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SQL SERVER Data Compression & Its Types

Recently I have been asked a question in an interview- The question is like we want to keep 1 year of data in our system which is around 2 TB and the physical drive is of size 500 GB only So what will you do in this kind of scenario?

The answer for this question is use Data Compression. Recently I implemented this feature for one of my client where around 1.5 TB of table is compressed to 300 GB. The data compression feature in SQL Server helps compress the data inside a database, and it can help reduce the size of the database.

Data compression provides following benefits

a. It saves space because compressed data is stored in fewer pages.
b. It improves performance of I/O as queries need to read fewer pages from the disk.


Extra CPU resources are required on the database server to compress and decompress the data, while data is exchanged with the application

In SQL Server 2016 we have 2 types of Compression

a. Row Compression
b. Page Compression

Following database objects can be compressed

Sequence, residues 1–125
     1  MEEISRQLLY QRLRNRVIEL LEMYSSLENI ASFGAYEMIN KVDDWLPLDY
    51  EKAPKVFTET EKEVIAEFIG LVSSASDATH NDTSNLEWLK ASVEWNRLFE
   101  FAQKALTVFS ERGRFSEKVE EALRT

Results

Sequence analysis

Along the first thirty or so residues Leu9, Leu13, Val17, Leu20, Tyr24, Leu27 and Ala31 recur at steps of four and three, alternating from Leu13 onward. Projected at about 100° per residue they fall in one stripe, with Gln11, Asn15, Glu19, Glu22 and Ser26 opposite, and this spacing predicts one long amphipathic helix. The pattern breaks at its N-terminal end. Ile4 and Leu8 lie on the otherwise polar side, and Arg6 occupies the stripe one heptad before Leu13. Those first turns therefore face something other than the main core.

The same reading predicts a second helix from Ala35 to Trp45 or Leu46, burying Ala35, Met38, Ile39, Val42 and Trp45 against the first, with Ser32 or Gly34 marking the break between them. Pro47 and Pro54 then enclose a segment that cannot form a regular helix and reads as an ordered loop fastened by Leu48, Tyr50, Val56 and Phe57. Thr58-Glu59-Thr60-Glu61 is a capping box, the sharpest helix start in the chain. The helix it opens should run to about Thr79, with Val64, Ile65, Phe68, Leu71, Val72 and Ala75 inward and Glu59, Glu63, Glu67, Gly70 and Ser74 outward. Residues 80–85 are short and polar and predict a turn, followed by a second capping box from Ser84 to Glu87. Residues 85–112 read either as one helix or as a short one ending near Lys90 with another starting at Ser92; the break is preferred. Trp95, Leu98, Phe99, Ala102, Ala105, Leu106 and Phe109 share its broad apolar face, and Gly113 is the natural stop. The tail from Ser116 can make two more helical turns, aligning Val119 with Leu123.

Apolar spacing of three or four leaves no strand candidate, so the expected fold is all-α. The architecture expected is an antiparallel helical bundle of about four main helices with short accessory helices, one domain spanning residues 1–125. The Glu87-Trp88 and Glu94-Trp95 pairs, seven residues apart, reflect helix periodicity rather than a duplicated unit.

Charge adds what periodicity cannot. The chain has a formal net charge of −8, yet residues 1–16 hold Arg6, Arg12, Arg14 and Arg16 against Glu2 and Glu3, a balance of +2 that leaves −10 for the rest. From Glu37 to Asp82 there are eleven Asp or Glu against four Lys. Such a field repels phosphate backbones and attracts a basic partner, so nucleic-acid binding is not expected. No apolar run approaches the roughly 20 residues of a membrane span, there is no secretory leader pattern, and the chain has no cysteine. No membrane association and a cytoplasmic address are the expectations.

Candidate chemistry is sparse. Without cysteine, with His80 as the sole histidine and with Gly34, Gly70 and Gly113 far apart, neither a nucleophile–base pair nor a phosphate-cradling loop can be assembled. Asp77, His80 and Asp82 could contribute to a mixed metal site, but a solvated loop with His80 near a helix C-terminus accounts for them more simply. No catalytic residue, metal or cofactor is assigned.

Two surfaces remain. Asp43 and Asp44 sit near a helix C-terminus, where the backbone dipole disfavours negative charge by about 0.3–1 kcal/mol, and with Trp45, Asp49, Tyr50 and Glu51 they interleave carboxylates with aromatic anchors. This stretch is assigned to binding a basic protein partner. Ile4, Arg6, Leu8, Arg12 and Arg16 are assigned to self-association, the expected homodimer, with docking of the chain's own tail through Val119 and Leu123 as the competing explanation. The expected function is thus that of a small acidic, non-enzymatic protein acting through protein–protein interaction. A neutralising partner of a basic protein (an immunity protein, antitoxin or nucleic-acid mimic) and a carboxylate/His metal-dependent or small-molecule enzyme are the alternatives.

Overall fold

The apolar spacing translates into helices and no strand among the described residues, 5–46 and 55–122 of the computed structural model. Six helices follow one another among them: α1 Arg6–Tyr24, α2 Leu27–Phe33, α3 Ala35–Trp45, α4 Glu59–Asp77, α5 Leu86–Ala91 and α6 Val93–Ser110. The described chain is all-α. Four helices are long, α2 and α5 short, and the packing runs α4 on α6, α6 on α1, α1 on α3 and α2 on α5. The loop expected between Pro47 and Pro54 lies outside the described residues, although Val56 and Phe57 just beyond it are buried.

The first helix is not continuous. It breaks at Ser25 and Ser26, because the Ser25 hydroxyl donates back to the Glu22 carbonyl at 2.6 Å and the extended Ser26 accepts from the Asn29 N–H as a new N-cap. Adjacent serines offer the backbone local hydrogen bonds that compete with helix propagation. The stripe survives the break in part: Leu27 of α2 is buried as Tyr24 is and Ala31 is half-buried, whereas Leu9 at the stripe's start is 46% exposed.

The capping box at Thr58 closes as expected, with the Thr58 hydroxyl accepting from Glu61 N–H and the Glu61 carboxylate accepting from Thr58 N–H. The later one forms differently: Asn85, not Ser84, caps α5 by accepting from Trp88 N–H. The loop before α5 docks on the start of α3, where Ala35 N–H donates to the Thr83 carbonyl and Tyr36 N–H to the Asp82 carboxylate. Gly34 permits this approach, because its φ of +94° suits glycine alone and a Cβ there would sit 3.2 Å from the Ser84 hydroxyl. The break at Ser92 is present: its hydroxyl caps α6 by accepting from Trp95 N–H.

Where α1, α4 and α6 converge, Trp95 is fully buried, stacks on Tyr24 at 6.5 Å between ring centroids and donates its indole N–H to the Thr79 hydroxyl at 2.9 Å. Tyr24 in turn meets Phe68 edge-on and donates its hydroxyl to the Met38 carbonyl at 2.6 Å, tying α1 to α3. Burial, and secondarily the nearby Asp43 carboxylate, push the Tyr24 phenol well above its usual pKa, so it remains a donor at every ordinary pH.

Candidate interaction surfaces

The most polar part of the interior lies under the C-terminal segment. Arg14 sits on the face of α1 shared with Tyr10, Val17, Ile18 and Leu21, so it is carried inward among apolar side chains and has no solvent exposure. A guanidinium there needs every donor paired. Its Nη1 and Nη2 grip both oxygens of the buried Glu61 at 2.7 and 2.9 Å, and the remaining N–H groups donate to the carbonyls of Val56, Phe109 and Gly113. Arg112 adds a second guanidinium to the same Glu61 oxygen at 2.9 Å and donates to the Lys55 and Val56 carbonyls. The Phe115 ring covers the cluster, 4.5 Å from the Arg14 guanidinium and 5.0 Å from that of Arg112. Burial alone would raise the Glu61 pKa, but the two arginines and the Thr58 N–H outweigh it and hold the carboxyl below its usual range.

a. A whole table that is stored as a heap.
b. A whole table that is stored as a clustered index.
c. A whole nonclustered index.
d. A whole indexed view.
e. For partitioned tables and indexes, you can configure the compression option for each partition, and the various partitions of an object do not have to have the same compression setting.

Note – SQL Server 2016 supports row and page compression for rowstore tables and indexes, and supports columnstore and columnstore archival compression for columnstore tables and indexes.

Row Compression

a. It Reorganizes data at a record level
b. It Stores data more efficiently in a row by storing fixed-length data types in variable-length storage format. Examples

  • “Pawan Kumar” – Char(100) to Char(11) , here we are saving 89 bytes
  • “15” Int to 1 byte , here we are saving 3 bytes
  • 2015/01/01 DateTime to 4 bytes , here we are saving 4 bytes

c. A compressed row uses 4 bits per compressed column to store the length of the data in the column.
d. NULL and 0 values across all data types take no additional space other than these 4 bits.
e. You can compress these data types – Int, Bigint, Numeric, Decimal, SmallInt, bit, SmallMoney, money, float, real, DateTime, datetime2, datetimeoffset, char, binary, timestamp, nchar, nvarchar, Spatial

Note – All Non leaf level indexes always row compressed.

Page Compression

It works just like Winzip or 7zip works in compression. Note that pages only receive Full Page compression if it will save at least 20% free space on the page. If the system is not getting at least 20% of saving it will just do row compression. In this case SQL Server will alters data at page level and do data type agnostic at binary level.

The Steps in this case are given below-

  • Row compression
  • Column prefix compression –
    In the case the SQL Server creates 2 more sections just below the page header for each row. These sections are called Anchor Section and Dictionary Section.